Representation for Those Stationed at the Marine Corps Base Hawaii

Our team of Hawaii military lawyers are proud to represent those who have been and are stationed at the Marine Corps Base Hawaii.

Marine Corps Base Hawaii (MCB Hawaii) is a military base run by the U.S. Marines. It is located in Honolulu, Oahu on the Mokapu Peninsula. Oahu is the third largest of the islands of Hawaii but is the most populated of the islands. It is 596 square miles in area and is home to the capital of the state, Honolulu. Even though there have been military installations in this area for decades, it did not begin as MCB Hawaii. It was in 1918 that President Wilson set aside 322 acres of land for use by the military. What began as the Kuwaahoe Military Reservation became Fort Hase in 1942. A year before this, it was known as Naval Air Station Kaneohe Bay, one of the Japanese targets during the Attack on Pearl Harbor. 

Also known as the Battle of Pearl Harbor, mayhem ensued when the Japanese launched a surprise attack on the navy base at Pearl Harbor. The reason behind this attack was to prevent the U.S. from helping Europe in World War II. The attack took place in two waves, of which the station at Kaneohe Bay was a target in both. In the first wave, the aircraft at Kaneohe was targeted. In the second wave, the aircraft and hangers were targeted. Rather than keep the U.S. out of the war, this instead was a major factor in causing the government to join it. 

After World War II, the Marines took control of this base as the navy moved to another location. In 1952, it received yet another name, the Marine Corps Air Station Kaneohe Bay. In 1994, several different Marine Corps bases were merged into one large installation. Camp H.M. Smith, Manana Family Housing Area, Puuloa Range, Molokai Training Support Facility, and the Marine Corps Air Station Kaneohe Bay all joined together to become the Marine Corps Base Hawaii. 

MCB Hawaii Today 

According to information from the last census, the base has a population of nearly 12,000 people. It is made up of 2,332 households and 2,283 families and has a population density of 2,696 per square miles. The demographics on the base are made up of 66.6% White, 14.6% Hispanic, 12.1% African American, and 5.3% Asian. Approximately 66% of households have children under the age of 18 and 93% are married couples living together.

The average size of a family living on the base is 3.23. In regard to the age groups on the base, 43.5% are between the ages of 18 and 24 and 31% are between the ages of 25 and 55. The next largest group is children under the age of 18 at 24%. The median income for the average household is $34,757 and for a family is $34,918. When the average income of males and females was compared, it was discovered that females earn an average of $5,000 more. 

MCB Crimes 

Crimes that are committed on the Marine Corps Base Hawaii, like any other military installation, are generally subject to both federal and military laws. These crimes can include, but are not limited to: 

  • Civilian Crimes: Civilian laws apply on military bases, so any criminal activity that is illegal in the state of Hawaii can be committed on the base. This includes crimes such as theft, assault, drug offenses, and more.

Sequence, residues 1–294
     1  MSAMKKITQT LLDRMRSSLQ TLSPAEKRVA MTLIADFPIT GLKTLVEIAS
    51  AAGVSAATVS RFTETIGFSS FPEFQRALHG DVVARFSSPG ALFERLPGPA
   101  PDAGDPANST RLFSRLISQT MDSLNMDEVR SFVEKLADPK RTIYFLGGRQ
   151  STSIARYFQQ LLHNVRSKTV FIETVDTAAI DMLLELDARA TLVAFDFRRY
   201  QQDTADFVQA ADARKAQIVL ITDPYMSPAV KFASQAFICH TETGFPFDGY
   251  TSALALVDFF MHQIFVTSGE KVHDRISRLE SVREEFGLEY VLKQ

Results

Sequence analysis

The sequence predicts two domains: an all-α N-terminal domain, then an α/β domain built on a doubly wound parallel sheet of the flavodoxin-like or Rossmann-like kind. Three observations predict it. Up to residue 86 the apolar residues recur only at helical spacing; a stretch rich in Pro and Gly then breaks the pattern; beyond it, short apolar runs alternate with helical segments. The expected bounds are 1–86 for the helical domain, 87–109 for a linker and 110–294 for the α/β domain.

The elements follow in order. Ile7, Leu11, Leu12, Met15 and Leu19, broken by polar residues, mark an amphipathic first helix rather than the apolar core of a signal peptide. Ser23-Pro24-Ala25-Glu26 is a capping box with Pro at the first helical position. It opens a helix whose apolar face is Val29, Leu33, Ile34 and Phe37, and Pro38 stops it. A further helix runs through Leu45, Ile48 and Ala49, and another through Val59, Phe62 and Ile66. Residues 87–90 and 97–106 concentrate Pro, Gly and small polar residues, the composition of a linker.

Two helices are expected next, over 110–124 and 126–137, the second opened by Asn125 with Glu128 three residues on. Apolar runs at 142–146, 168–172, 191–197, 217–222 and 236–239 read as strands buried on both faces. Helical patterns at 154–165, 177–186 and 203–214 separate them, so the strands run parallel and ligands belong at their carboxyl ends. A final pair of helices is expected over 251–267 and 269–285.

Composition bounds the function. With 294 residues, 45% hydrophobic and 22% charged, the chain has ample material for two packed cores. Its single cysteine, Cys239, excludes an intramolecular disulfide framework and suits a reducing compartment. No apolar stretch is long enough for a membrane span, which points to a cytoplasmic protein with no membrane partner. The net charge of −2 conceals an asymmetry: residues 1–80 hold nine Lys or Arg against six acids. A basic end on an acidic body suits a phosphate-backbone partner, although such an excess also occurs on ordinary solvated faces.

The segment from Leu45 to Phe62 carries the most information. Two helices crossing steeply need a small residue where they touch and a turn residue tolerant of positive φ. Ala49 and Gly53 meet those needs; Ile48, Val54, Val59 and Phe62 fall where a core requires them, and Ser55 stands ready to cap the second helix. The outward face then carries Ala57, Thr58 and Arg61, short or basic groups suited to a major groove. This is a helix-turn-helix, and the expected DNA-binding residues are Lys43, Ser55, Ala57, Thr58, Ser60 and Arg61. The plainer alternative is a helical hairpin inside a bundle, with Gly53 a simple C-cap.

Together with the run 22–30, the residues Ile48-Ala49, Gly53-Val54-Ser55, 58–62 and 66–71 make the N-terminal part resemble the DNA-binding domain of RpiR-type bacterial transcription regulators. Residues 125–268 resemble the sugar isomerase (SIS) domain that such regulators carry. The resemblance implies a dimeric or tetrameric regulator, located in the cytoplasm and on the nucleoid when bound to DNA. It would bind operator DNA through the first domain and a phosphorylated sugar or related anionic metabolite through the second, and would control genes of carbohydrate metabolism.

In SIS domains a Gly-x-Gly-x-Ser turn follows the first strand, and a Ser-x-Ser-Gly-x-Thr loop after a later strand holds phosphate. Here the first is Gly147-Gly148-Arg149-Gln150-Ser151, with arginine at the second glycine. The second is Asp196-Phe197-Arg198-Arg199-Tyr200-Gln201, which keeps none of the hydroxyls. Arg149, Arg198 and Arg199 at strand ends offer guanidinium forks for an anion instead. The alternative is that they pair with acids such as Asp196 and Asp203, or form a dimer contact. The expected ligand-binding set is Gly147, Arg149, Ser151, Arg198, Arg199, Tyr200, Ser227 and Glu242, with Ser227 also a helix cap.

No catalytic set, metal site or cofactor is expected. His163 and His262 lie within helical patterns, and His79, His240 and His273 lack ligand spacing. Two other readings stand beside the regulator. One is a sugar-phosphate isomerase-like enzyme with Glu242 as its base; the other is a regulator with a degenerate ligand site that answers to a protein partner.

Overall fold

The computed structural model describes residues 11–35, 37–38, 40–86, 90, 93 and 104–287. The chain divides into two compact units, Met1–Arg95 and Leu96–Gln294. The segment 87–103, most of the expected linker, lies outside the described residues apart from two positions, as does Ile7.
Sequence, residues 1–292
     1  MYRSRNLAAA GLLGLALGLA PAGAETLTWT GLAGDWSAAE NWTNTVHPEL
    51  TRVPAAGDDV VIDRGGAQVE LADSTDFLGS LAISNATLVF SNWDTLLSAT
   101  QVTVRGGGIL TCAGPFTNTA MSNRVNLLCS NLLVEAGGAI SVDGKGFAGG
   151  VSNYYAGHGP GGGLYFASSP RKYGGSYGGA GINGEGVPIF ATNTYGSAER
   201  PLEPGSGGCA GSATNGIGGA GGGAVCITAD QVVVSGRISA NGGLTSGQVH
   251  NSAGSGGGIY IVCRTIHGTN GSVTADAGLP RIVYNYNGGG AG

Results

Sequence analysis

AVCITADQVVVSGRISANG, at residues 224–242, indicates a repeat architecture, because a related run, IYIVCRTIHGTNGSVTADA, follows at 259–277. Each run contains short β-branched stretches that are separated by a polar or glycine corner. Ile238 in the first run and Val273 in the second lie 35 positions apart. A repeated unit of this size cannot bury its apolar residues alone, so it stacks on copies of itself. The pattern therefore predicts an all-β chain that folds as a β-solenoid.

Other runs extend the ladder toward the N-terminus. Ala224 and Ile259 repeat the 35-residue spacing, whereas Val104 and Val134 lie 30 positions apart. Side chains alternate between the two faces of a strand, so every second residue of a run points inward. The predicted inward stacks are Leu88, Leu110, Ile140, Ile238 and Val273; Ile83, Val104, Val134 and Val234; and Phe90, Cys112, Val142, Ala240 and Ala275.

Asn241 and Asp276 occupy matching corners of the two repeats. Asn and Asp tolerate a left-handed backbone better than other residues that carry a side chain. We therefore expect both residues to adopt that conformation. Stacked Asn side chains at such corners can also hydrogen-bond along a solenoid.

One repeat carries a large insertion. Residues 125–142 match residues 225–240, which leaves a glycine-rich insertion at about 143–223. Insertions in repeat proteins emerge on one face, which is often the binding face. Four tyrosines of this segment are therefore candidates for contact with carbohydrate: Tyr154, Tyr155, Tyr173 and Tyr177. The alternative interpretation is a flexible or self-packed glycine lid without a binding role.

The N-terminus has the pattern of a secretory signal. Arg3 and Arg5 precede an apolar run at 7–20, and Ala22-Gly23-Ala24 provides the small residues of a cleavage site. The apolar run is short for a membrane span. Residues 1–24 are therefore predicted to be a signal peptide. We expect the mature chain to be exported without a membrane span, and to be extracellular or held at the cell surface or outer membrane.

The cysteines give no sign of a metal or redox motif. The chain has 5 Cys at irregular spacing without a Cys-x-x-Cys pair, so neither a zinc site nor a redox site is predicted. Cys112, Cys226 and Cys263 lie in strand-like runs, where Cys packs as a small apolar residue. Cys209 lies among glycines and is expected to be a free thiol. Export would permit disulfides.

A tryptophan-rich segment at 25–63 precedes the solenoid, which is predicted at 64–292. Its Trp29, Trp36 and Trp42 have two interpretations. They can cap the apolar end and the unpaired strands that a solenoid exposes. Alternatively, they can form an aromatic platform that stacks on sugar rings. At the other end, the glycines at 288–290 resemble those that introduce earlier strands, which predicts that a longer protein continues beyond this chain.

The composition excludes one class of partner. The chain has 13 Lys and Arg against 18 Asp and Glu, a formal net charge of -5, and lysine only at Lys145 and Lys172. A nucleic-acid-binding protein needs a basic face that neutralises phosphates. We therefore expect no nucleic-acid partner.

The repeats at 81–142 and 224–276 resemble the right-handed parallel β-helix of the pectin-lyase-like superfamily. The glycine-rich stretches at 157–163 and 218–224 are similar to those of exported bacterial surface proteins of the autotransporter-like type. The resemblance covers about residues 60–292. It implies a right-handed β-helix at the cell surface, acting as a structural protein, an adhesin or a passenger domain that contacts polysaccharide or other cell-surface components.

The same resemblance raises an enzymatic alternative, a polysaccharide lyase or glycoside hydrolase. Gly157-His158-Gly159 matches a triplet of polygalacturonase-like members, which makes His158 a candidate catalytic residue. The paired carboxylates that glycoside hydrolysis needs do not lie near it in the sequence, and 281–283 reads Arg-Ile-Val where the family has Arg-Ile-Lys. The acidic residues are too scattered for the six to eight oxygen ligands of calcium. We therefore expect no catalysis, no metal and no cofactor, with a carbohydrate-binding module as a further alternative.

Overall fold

• Military Crimes: Service members are subject to the Uniform Code of Military Justice (UCMJ), and they can commit various military-specific crimes, including desertion, insubordination, unauthorized absence, and failure to obey lawful orders. 
  • Sexual Assault and Harassment: These crimes are taken very seriously in the military, and there are specific military regulations and legal procedures in place to address them. 
  • Weapons Violations: Possession or use of unauthorized or illegal firearms and weapons can be a crime on military bases. 
  • Drug Offenses: Unauthorized drug use and distribution are prohibited under military law. 

  • Property Crimes: Crimes such as vandalism, burglary, and damage to government property are taken seriously. 
  • Trespassing: Unauthorized entry onto the base, or areas within the base, is a crime. 
  • DUI/DWI: Driving under the influence of alcohol or drugs is a crime on military installations, just as it is off base. 
  • Fraud: Any form of financial or identity fraud can be prosecuted under both civilian and military laws. 
  • Terrorism: Acts of terrorism or threats on a military installation can result in serious consequences. 

It’s important to note that crimes committed on a military base are typically prosecuted through the military justice system and can result in both military and civilian penalties. If you are accused of committing a crime at the Marine Corps Base in Hawaii, experienced Hawaii military lawyers can help. 

Hawaii Military Lawyers you Can Trust 

Being accused of a crime while at MCB Hawaii is a serious matter. For decades, the Hawaii military lawyers at the Federal Practice Group have provided elite defense services. We work hard for service members who are stationed in the United States and abroad.  With more than 100 years of combined military law experience, we are prepared to fight for you.  As active and retired military personnel, we understand what is at stake and will work diligently for a favorable outcome.  Contact us today to schedule a consultation.     

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